This year we were focused on learning the boat, so stuck mostly to places we’ve been before.  Most of the pictures are from the area north of Bella Bella – our favourite stretch of the BC coast.  Our route took us north around Cape Caution, up past Bella Bella and Klemtu via the Inside Passage, and finally up Laredo Channel  to Campania Island.  Our route south was similar, but we stuck to more open waters on the outside wherever possible to take advantage of the strong north westerlies that established themselves early in August.  Our best sail was a 45 nm run down Laredo Sound into Hecate Strait, around McInnes Island and into Queens Sound.


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Almost There

Wow, what a crazy 6 months.  1200 hours and lord knows how many dollars later, and Palomita is ready to go.  As in fuel and water are topped up and the fridge is stuffed ready to go.v  We are too – ready that is, not stuffed.

We’ve been asked how the boat is going many times over the last half year, and we always kind of roll our eyes before saying something non-committal like “OK”.  It hasn’t been “GREAT!”.  The second question usually is “why it only OK, shouldn’t it be GREAT!? – it is a new boat after all”.  “Well”, we say, “there were a few large issues we did know about, like the engine, and many small issues we didn’t know about, like the rot in the floor stringer.  Our surveyor kinda sucked”  Of course, the next question is “so, what have you done?”

Well…

Build house battery box and secure batteries
Varnish floor
Build  cockpit table
Replace windlass and patch holes on foredeck
Move combing winches
Install davit lift points in dinghy
Build and install bulkhead bookcase
Install engine fan temp control
Kiwi grip foredeck
Caulk head
Install cabin lantern
Install fishing gear – downrigger and rod holders
Install shelf in anchor locker
Replace both anchor rodes
Remove divider in anchor locker and glass all surfaces
Rig Preventer
Wash mast
Replace sliding door track
Replace spigot for galley footpump
Replace Genoa
Replace running rigging
Replace engine
Clean oily mess from bilge and paint
Replace water heater
Install inspection port and clean fuel tank and fuel
Replace fuel filters
Hook up fuel
Replace footpump in forward head
Wire new bilge pump switch
Free and service all sea cocks
Re-plumb propane locker
Re-build floor stringer forward of engine
Re-pitch prop
re-plumb galley and aft head / install water filters
Buff topsides
Plug holes in transom
Extend blower vents
Build instrument housing & install new instruments
Wire holding tank pumps
Install USB outlets
Install new battery switch, main busses, breakers, and echo charger
Move and wire start batteries
Soundproof
Reinstall galley
Install engine blower fans
Rig inverter shut off / bypass
Replace dodger windows
Re-rig spinnaker pole – topping lift shock cord lost inside pole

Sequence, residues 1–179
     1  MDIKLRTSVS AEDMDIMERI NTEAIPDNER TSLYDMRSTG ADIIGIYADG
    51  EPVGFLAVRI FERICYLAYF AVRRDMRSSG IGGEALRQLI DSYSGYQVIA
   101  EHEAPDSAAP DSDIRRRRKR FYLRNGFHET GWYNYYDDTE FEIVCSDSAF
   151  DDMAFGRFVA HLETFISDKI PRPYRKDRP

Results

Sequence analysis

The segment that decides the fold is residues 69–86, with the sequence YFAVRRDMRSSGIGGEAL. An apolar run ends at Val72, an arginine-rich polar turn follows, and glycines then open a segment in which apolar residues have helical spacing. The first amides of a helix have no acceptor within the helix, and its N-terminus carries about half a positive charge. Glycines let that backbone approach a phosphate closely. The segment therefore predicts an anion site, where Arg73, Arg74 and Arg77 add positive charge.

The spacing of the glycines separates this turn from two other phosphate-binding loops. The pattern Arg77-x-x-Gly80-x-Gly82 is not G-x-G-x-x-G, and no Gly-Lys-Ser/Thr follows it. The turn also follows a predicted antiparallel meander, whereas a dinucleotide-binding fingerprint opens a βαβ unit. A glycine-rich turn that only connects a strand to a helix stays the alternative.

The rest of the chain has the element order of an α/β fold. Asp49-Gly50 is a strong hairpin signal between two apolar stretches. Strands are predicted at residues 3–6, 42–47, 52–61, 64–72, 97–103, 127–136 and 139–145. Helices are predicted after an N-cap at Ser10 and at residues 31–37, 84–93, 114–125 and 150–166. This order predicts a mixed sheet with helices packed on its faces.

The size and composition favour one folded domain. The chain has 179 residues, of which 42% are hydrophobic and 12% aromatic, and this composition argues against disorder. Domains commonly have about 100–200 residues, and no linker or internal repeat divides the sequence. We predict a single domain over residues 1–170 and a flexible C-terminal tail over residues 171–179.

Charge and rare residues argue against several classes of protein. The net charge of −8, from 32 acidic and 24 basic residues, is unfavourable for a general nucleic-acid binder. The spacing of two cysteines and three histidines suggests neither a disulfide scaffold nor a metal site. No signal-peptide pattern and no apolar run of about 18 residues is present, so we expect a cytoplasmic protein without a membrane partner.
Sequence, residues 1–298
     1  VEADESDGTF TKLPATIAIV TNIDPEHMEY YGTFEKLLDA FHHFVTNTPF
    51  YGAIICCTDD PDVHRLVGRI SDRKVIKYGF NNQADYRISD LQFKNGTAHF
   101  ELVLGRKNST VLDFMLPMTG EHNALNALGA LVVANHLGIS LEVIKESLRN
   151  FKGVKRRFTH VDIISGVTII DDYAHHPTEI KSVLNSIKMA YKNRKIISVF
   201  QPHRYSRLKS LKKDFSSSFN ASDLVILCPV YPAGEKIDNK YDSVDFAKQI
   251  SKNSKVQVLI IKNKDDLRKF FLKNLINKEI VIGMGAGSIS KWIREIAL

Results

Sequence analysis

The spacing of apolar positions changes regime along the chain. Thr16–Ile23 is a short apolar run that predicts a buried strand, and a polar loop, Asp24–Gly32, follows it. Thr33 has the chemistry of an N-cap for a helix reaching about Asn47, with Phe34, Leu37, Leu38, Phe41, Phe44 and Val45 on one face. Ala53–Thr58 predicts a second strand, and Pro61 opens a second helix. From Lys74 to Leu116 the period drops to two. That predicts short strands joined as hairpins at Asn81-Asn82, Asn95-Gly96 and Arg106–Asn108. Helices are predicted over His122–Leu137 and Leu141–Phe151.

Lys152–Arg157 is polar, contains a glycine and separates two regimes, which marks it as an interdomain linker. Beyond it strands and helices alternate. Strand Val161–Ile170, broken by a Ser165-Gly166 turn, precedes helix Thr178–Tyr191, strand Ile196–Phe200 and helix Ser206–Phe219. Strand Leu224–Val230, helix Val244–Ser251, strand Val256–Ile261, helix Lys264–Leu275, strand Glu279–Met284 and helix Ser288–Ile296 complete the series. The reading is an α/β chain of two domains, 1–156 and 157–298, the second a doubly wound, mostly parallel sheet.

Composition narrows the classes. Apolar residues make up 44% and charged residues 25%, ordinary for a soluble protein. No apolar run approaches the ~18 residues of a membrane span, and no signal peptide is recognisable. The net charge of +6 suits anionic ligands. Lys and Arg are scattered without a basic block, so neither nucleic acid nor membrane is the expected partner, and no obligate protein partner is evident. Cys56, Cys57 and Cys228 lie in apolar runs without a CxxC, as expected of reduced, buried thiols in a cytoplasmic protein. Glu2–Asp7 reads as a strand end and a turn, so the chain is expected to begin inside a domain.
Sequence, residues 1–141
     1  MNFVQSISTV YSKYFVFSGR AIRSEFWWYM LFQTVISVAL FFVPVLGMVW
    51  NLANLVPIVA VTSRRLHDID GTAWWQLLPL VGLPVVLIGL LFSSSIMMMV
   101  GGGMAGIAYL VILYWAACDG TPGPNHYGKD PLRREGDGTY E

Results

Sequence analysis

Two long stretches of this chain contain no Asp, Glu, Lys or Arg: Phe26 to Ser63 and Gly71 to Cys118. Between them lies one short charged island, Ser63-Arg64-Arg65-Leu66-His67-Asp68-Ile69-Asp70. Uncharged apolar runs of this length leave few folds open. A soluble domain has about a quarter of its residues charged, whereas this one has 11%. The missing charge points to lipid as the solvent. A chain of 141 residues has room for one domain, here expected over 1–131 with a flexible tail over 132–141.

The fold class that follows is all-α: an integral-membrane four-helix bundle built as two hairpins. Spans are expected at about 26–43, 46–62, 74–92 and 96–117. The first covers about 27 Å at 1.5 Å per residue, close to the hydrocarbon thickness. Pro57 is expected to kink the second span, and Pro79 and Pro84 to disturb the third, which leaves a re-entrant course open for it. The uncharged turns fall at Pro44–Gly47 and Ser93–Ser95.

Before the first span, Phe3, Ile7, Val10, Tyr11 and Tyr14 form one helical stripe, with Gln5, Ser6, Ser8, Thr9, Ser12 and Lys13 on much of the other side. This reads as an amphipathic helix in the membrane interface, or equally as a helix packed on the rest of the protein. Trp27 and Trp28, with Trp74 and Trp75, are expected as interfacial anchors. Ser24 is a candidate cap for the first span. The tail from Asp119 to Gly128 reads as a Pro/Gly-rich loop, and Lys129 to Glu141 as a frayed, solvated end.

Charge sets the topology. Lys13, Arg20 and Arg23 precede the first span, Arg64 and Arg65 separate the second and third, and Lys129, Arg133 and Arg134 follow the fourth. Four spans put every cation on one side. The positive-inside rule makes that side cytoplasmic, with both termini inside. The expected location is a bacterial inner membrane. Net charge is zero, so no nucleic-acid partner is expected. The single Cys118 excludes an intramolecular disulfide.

Replace cockpit speakers
Clean out old electrical gear and unused wires
Clean up electrical panel
Replace diesel heater
Remove rotten divider in anchor locker; reglass locker
Service all winches – many currently are non-functional
Fix leaking hatch and ports; replace fixed ports
Install Cir-clip on steering axle
Install new instrument transducers – speed, depth, wind
Install dinghy davits
Install Solar panels and charge controller
Install LED masthead lights
Fix steaming light and bow nav light
Replace all interior lighting with LED
Re-plumb holding tanks for overboard pump-out
Replace mattress (es)
Cut down fridge lid – make it thinner
Remove A/C unit and ductwork
Fix holes in deck
Build new clear companionway doors
Replace screen in screen doors
Replace compass light

Now for the real work…sailing her.  We’re almost there!


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The Refit

in slings2 months in, and we’re still plugging away; during spring break, it was a full time, 12 hour a day job.  Both of us have questioned our sanity, but are working hard to look forward, not back. Bottom line, she will be a beautiful boat.  She’d better be;  neither of us ever want to do this again.

When we decided to move into a larger boat, we anticipated the need to do a substantial refit.  In fact, it was an important part of the whole equation – buying a used boat is largely an exercise in buying someone else’s problems (or sometimes even worse – their solutions).  bilge2Every boat has its issues and idiosyncrasies that the owner either fixes properly, comes to terms with, or screws up royally; our old boat was no exception.  The trick is figuring out what these idiosyncrasies are and what, if anything, should be done about them.   and the only good way to really know this is to tear the boat apart and start over.  This was part of the plan.  Really.

OK, so we knew some of the issues going in.  We even made a list and thought we were prepared to check the items off in an orderly fashion.  New windlass, new heater, new dodger windows, new mainsheet, and new mattresses.  These were the biggies, but new gear that works had been our norm on the old boat, so we couldn’t imagine spending a summer making do with old worn out gear.